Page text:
Reveille with Beverly (1943) is war-time spirit-boosting propaganda and was one of the movies that was essentially an excuse to do a musical variety show with everyone from Duke Ellington to Bob Crosby. Ann Miller plays a feisty and insanely perky radio host. The film, however, ends on a very strange pivot as they remind you, all the soldiers are going off to war - and it was this odd, incredibly sad transition, with Beverly still in her show costume watching them go.
The Great American Pastime (1956) is a post-war movie trying to recapture some of the magic of Seven-Year Itch and reminding me "I don't particularly care for Tom Ewell". What could have been a Bad News Bears instead is kind of a sitcom dad who seems oblivious to the fact he's married to Anne Francis and that Anne Francis has decided Ann Miller is a sexual threat (she is not, which... I mean). Anyway - the movie felt really under-written and I kind of hated the way they wrote Tom Ewell's son. Seemed like a dopey ingrate.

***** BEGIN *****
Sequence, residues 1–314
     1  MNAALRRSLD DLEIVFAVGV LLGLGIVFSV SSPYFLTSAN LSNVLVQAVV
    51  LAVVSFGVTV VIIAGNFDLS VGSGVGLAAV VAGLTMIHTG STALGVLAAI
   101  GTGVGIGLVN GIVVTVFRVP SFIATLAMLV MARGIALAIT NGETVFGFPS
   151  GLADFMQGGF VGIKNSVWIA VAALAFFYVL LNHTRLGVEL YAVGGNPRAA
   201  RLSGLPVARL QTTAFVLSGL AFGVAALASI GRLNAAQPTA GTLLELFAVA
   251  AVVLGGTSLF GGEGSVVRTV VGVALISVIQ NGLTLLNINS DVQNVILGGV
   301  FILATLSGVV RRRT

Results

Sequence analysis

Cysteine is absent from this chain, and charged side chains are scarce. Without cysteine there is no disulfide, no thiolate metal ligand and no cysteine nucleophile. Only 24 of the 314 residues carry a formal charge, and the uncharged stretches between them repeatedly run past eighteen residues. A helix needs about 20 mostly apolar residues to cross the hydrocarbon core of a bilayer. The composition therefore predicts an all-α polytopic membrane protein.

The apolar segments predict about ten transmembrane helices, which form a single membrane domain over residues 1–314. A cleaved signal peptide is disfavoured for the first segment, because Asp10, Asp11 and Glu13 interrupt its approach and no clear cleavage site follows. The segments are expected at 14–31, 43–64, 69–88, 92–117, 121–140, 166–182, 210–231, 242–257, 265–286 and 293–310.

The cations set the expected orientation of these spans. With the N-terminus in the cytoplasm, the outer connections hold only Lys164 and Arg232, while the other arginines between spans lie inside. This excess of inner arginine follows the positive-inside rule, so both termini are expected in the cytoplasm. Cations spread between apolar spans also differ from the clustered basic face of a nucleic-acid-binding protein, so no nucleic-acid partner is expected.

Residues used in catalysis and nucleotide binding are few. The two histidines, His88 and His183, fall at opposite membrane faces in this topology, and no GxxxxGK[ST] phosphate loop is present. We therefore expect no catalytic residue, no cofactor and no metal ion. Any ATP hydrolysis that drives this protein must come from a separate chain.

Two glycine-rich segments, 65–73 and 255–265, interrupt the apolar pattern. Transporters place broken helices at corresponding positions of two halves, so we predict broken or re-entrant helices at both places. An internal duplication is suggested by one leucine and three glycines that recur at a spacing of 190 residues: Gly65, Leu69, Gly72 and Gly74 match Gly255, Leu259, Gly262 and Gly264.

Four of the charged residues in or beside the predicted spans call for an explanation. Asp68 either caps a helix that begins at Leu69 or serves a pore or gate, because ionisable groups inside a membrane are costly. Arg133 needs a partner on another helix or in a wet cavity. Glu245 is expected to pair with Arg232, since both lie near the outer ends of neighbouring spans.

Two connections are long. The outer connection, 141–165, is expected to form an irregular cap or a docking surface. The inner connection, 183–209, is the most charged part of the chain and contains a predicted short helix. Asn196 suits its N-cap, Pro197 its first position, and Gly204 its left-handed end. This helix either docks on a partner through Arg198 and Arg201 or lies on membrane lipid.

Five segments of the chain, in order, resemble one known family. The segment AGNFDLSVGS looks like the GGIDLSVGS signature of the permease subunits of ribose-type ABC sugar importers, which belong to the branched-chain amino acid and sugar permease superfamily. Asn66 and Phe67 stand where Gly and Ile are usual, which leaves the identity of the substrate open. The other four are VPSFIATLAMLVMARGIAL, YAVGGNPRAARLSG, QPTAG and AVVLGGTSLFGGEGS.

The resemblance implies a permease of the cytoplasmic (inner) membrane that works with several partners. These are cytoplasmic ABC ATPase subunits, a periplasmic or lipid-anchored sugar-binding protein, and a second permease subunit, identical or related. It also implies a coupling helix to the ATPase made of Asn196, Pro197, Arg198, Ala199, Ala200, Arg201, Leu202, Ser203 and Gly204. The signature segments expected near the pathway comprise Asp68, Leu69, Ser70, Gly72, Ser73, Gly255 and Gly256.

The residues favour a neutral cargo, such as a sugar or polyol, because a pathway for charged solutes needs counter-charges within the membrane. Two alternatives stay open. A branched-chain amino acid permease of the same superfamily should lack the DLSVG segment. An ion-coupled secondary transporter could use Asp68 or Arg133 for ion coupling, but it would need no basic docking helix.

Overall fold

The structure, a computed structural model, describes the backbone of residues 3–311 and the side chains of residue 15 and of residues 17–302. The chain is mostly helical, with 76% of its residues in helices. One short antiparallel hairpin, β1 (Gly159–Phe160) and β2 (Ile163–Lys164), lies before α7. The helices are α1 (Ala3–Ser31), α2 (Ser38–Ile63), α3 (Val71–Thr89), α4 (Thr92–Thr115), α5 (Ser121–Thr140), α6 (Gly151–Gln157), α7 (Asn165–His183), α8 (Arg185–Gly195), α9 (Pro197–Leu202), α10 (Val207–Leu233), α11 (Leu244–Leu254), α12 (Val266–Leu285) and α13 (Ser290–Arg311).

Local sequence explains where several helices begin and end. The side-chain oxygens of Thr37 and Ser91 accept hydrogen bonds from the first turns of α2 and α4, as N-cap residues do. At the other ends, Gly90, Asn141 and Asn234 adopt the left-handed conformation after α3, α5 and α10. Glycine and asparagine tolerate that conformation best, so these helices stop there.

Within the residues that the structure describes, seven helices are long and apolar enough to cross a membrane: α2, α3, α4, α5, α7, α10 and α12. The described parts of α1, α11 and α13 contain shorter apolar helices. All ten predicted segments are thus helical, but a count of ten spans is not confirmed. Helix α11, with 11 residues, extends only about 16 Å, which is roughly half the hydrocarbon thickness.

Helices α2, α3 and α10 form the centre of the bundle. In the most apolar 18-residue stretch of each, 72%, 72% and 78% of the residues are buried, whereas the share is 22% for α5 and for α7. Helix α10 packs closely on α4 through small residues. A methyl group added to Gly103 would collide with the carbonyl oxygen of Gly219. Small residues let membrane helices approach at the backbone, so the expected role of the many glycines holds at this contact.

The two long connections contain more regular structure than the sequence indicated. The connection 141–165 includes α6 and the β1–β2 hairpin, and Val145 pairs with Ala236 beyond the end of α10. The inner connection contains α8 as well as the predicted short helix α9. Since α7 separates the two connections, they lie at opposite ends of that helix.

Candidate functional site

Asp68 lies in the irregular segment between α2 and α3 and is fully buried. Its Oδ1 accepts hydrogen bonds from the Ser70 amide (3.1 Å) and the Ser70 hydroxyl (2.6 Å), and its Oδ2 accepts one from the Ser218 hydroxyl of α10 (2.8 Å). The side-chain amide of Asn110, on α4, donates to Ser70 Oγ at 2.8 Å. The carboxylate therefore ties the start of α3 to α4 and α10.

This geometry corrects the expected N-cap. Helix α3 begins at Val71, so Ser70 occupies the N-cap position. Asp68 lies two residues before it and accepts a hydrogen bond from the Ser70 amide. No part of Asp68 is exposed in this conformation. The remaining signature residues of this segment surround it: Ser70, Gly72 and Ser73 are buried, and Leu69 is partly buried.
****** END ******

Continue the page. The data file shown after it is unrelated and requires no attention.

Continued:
But Ann Miller looked great in all of these movies. So.
Viewing: Man, who knows?
I have never not enjoyed watching Airplane! (1980). Yes, it's jokes are dated, there's a flavor of what would now be considered low-key racism and punching down at some people. But, goddammit, Airplane! is, minute by minute, *trying*. It doesn't have some message that drives the movie off cliff as it gives us some low-rent stakes (thanks, Jud Apatow, for giving us two decades of movies about guys all learning the same lessons over and over). The only stakes in Airplane are dumb and don't matter - the plot there so we have a reason to do the gags.
Heck, the movie doesn't really care if the leads are "likeable" - it's beside the point. But they are, and Julie Haggerty doesn't get the credit she deserves. A lot of the humor isn't "gentle". Personally, I find the line-up of people waiting to calm the passenger in hysterics to be a nigh-perfect visual.
And, of course, Leslie Nielsen is at his best here.
Anyway. Airplane! is the finest in film comedy and I won't tolerate dissent on this subject.
Monday, August 10, 2020
Director: Lewis Gilbert
For more ways to listen
It's Roger Moore, and nobody does it better! One of the biggest-scale Bond movies, with some great villains, a terrific romance and cool-as-hell gadgets! What's not to like about this one? SimonUK and Ryan discuss a Bond movie that may be at sea, but is never adrift. Plus - Ryan gets to talk about Caroline Munro for a bit.
Nobody Does it Better - Carly Simon (like you didn't know)
|Caroline Munro is here to remind you that just because you're trying to kill people doesn't mean you can't look your best|